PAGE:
Being weigh in & # 39; temperature & # 39; 3.5 tons hefty, b & # 39; horny themes on its head, this prehistoric animal, known as "unicorn Siberian ', has been wiped out over 100,000 years ago.
Despite its extinction, the advanced research has shown that the beast crossed the world with & # 39; modern to modern humans 35,000 years ago.
The ancient rhino species known as Elasmotherium sibericum (Siberian unicorn), because of its extraordinary single horn.
It was believed that became extinct between 200,000 and 100,000 years ago.
However, "a lovely full skull" at the Museum & # 39; Natural History helped challenge the presumed date of death & # 39; this creature.
Professor Adrian Lister, paleobjologu to study the evolution and extinction, said new research revealed that the "giant Ice Age" survived much later than previously thought.
"We have a few samples – such as the beautiful complete skull that we have in the museum – and to our surprise came in & # 39; less than 40,000 years", he said.
total & # 39 collaborated with Prof Lister & # 39; other researchers from the UK, the Netherlands and Russia to data radio carbon b & # 39;; 23 samples.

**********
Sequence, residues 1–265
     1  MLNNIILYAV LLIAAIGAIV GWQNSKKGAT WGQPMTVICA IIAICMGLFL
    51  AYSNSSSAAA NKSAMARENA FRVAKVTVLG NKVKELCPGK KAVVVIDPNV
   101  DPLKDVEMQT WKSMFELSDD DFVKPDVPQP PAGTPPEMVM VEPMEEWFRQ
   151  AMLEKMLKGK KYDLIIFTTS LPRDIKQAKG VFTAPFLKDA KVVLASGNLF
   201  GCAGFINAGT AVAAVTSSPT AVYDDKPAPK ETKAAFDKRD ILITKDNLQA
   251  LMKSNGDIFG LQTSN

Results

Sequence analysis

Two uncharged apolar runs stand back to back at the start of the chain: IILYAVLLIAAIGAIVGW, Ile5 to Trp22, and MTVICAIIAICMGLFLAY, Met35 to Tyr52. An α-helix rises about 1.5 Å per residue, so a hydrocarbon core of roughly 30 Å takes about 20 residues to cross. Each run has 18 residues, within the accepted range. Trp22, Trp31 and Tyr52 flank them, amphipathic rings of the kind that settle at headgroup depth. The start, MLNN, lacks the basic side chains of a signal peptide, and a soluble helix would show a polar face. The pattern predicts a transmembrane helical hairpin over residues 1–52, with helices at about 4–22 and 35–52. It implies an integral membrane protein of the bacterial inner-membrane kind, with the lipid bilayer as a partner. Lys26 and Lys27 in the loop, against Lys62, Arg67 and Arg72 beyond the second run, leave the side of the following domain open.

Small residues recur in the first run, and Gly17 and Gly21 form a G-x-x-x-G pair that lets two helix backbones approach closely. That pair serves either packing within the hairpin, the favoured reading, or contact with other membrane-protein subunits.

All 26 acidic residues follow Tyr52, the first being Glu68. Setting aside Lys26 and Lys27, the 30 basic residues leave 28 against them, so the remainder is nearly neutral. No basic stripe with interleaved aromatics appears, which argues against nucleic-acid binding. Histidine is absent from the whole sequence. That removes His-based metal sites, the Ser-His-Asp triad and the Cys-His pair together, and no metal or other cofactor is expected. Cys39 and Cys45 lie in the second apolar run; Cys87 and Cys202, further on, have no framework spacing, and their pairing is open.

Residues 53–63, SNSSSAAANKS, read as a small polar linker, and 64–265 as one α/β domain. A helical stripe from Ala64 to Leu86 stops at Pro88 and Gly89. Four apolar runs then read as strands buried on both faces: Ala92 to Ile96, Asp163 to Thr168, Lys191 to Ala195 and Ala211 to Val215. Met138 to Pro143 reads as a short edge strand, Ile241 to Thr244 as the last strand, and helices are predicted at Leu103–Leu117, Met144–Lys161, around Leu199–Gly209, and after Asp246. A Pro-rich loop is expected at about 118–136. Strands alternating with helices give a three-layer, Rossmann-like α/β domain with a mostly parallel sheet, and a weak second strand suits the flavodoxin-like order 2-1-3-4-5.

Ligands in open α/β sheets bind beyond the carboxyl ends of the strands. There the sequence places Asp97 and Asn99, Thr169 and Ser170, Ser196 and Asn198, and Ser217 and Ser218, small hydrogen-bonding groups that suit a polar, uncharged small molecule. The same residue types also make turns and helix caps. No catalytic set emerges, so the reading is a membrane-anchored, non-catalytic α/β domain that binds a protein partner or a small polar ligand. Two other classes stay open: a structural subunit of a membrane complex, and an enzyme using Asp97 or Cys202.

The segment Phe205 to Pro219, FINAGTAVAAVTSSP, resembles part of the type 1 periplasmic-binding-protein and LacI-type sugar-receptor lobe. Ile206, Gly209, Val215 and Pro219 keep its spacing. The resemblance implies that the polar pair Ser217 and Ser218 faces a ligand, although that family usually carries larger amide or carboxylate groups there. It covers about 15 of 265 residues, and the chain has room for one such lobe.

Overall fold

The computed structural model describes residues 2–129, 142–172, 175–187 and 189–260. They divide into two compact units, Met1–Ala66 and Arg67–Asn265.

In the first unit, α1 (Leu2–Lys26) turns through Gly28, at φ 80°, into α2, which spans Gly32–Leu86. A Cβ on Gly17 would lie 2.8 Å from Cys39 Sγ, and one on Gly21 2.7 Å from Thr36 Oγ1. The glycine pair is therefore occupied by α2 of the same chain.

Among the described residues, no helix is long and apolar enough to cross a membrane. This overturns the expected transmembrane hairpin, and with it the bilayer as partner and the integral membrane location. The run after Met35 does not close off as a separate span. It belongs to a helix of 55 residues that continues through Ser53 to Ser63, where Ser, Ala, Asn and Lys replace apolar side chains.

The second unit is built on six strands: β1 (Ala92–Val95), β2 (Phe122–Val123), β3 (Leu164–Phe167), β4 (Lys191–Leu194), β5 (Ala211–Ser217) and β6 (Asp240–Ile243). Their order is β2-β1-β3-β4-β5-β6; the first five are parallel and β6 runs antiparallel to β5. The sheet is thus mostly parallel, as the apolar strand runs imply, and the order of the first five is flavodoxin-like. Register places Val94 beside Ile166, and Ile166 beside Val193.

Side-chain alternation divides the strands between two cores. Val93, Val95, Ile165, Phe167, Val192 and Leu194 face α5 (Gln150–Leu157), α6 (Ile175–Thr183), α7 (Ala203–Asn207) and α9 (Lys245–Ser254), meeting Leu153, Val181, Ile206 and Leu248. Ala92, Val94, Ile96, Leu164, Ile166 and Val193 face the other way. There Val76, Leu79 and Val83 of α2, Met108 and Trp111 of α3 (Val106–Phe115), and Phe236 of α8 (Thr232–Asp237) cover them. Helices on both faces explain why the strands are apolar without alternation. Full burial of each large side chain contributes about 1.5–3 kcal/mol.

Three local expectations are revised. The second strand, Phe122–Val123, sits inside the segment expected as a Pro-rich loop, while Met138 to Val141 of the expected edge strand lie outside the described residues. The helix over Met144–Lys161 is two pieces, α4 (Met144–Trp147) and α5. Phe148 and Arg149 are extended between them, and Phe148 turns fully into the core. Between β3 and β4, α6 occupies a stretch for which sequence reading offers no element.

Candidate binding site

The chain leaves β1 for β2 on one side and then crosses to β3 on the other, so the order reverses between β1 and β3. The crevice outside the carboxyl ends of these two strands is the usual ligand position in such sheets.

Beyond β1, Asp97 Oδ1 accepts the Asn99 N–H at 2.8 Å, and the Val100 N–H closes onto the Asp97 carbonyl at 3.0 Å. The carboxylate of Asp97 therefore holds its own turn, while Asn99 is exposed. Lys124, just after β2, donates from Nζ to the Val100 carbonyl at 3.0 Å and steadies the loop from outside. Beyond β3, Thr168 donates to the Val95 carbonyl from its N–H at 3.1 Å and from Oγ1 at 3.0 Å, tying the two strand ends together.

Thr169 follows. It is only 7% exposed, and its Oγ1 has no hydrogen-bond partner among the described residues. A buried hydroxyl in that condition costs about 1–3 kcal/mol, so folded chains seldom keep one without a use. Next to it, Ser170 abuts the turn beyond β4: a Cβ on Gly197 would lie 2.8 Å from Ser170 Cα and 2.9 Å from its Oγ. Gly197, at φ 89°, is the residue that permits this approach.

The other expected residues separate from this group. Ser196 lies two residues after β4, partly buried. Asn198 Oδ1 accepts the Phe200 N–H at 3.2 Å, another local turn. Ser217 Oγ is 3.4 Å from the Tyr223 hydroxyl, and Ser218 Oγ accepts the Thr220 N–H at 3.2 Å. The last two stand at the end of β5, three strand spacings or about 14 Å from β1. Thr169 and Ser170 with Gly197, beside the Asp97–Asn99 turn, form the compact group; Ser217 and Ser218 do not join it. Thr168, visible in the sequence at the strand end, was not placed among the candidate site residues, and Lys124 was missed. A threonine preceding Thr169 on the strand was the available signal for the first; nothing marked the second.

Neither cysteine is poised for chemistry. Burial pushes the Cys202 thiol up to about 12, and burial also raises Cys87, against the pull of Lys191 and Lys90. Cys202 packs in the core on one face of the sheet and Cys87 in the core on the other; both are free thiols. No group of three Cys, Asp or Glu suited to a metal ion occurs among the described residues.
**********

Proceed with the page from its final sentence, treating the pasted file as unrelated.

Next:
Using & # 39; advanced methods, the data showed that the species' survive until at least 39,000 years ago, and possibly up to 35,000 years ago ".
The study also involved the examination of the Siberian Unicorns teeth to reveal what the animal ate. The results confirmed that & # 39; probably grazing on grass and hard dry.
The Museum & # 39; Natural History said the last days & # 39; the ancient rhino species "have been shared with & # 39; modern humans and Neanderthals".
He added: "However, it is unlikely that the presence of humans was the cause of & # 39; extinction.
"Instead, it is more likely that the dramatic fluctuations in climate during this period & # 39; time, with style & # 39; specialized life livestock and numbers & # 39; low population rhinos are pushed & # 39; away. "
Researchers based in Australia examined the DNA from some fossils – the first time any DNA recovered from E. sibiricum – and found that the old Rino "shared by modern group & # 39; rhinos approximately another approximately 43 million years ago ".
This makes the Siberian unicorn 'last species & # 39; distinctive lineage and very old ".
Today there are only five species & # 39; surviving rhino, although in the past there was equal to 250 species at different times.
This story originally appeared in & # 39; The Sun and published again here with permission.